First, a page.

I should also point out that I support every road race in the country. At some I sponsor a Flag Post, at others I sponsor bales, I sponsor a rider or two every year, at some I Marshal and at everyone I buy my programme.
The problem is not that these stands exist, or that they are here, but that they are all crammed together. So you go from one to the other and each one is looking people to put their hands in their pocket. Everyone is fighting for your attention, everyone is fighting for your cash, within metres you will hit the Enniskillen Races, Tandragee 100, Ulster Grand Prix, private supporters clubs, charities… all looking your cash and to be fair all probably deserving of it. The problem is you are just inundated with it – it is all too overwhelming and the result is most people will put their head down and plough on.
So what is the solution? Spread it out, share the love. It is obvious from the layout the big money companies get the real estate at the start / front of the hall, it is bright and airy. Then as you go towards the back of the venue things get more cramped and squeezed in – the result is you have all the organisations that want your money all baying for it within such an enclosed space it becomes almost unapproachable, almost unpleasant.
The unfortunate thing then is you will miss some great stalls, full of information and events that should be getting the space and publicity they deserve, but aren’t. It is a shame really – but hey money talks – you want the bright airy space, you pay the bright airy space fees.
Then lets briefly talk about the entrance fee?
Why? Why are visitors expected to pay an entry fee to go to a dealership show. The dealers no doubt are paying a fortune for their spot – why then are the punters having to pay to visit the dealership? I’m sure the smaller stalls are also paying a premium to get on the floor, why then are their potential customers having to pay also.
It’s not like Motorcycle Live where you have new releases, first UK appearances, etc to look at – it is a manufacturers’ show rather than a dealership show. It seems the organisers are getting the big note from the businesses that are displaying, then another bite of the cherry from the punters who come to the show.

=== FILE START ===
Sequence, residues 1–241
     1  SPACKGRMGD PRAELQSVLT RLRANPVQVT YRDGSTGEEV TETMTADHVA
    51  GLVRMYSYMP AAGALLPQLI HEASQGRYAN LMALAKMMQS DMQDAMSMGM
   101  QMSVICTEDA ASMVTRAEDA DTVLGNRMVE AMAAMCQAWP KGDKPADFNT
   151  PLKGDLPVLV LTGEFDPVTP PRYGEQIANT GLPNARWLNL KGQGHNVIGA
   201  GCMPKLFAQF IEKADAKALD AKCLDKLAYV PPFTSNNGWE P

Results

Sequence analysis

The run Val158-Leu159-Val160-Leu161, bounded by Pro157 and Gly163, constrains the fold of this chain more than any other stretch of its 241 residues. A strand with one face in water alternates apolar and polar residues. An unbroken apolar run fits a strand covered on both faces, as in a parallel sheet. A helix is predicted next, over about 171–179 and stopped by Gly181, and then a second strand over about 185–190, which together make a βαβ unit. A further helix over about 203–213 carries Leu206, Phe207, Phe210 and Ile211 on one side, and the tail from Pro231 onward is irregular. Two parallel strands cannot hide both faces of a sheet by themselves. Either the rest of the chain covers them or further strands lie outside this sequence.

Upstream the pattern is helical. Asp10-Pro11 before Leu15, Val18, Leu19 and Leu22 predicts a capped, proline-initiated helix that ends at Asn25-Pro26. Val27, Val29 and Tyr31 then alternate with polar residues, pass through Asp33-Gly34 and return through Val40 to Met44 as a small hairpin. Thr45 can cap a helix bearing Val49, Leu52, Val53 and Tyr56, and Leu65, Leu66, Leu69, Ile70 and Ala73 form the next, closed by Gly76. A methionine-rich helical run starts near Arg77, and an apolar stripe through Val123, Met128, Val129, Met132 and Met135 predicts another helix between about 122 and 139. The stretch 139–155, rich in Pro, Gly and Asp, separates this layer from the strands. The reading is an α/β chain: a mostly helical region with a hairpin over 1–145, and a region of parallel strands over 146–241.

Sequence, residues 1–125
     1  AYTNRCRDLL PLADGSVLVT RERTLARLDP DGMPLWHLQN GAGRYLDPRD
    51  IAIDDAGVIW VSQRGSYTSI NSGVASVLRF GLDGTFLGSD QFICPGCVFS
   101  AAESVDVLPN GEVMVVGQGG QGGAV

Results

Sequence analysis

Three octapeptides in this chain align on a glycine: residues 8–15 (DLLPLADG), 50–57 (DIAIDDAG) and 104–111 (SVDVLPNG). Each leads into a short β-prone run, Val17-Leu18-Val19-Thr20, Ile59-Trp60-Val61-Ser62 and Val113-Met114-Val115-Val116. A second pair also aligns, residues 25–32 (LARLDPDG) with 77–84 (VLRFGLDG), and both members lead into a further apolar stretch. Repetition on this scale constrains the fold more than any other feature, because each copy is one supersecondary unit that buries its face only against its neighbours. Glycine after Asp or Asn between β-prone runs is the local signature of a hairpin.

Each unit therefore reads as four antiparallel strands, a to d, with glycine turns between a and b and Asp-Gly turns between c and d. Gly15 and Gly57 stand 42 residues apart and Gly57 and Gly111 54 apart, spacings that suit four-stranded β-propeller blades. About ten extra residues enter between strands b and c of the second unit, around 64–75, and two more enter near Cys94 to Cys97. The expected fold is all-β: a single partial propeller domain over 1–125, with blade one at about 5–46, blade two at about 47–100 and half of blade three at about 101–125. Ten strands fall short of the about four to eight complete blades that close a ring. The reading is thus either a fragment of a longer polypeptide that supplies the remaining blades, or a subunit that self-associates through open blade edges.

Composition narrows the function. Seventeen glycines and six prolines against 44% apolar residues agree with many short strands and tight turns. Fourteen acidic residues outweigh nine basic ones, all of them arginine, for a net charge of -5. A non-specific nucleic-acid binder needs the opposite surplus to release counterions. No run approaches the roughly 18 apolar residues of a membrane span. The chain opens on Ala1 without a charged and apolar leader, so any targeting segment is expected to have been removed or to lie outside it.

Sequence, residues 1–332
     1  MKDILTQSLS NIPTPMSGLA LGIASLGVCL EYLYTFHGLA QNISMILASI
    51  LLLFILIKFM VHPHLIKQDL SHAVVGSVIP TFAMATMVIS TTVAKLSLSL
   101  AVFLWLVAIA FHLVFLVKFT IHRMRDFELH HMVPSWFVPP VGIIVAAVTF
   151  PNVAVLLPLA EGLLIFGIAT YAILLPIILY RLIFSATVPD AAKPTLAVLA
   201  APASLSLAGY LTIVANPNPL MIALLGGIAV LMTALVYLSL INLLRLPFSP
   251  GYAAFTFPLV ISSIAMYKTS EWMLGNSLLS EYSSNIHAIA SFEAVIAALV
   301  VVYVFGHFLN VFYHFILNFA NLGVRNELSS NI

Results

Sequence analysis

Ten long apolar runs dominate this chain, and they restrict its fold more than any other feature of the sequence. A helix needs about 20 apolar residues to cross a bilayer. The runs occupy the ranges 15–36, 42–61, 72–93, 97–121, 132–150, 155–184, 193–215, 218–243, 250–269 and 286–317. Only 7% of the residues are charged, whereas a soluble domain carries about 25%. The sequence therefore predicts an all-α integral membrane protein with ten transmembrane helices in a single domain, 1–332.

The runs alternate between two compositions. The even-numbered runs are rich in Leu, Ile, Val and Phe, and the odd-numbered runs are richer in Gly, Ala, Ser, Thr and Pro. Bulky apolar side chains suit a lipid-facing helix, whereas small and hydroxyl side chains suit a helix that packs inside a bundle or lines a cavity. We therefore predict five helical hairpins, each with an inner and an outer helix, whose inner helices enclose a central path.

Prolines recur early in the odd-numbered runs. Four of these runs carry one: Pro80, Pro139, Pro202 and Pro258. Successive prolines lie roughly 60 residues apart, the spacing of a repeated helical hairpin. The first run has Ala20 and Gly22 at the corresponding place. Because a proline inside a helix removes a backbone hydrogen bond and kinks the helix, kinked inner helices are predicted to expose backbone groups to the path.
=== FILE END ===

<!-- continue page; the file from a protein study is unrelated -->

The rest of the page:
I have already touched on the entertainment (rather lack of entertainment on Friday). At least you can rest easy in the knowledge that come Saturday and Sunday there is a reasonable looking schedule as outlined above.
Last year the Pitt bike racing and stunt shows were excellent fun, so I’m sure that if the weather sorts itself out those activities will definitely add positively to the experience and give it more of a ‘show’ than a ‘dealership’ vibe.
Hopefully all that doesn’t seem too negative. Hopefully it isn’t enough to put you off visiting. It is worth a visit, especially on the Saturday / Sunday and in conjunction with the schedule that should go over the rest of the weekend. It is more of a critique of the show, a few thoughts and ideas that I feel could make things a little more visitor friendly. I do get that it is quite negative but when something needs to be said, best to say it… and who know maybe somebody will act on it.
Last year I said this right at the end of my review :
I will be back next year and I look forward to seeing this show develop and improve in the coming years.
And guess what? I will be back next year – hoping to see developments and improvements – but at which point do you resign to the fact that it is just ‘more of the same’?
I will leave you with a couple of unmissable bikes from the 2019 show, for me where this show really shines is the clubs, whether it is old Skool cool – like the GT750 Owners’ Club and the awesome looking Rizzla bike, or some of the classic racers, or those that take customisation to the next level such as the Bad Boys Bike Display or the other Custom machines that are on display as part of the Custom Zone – all very, very worthy of a look!
NI Motorcycle Festival 2019 Photo Gallery :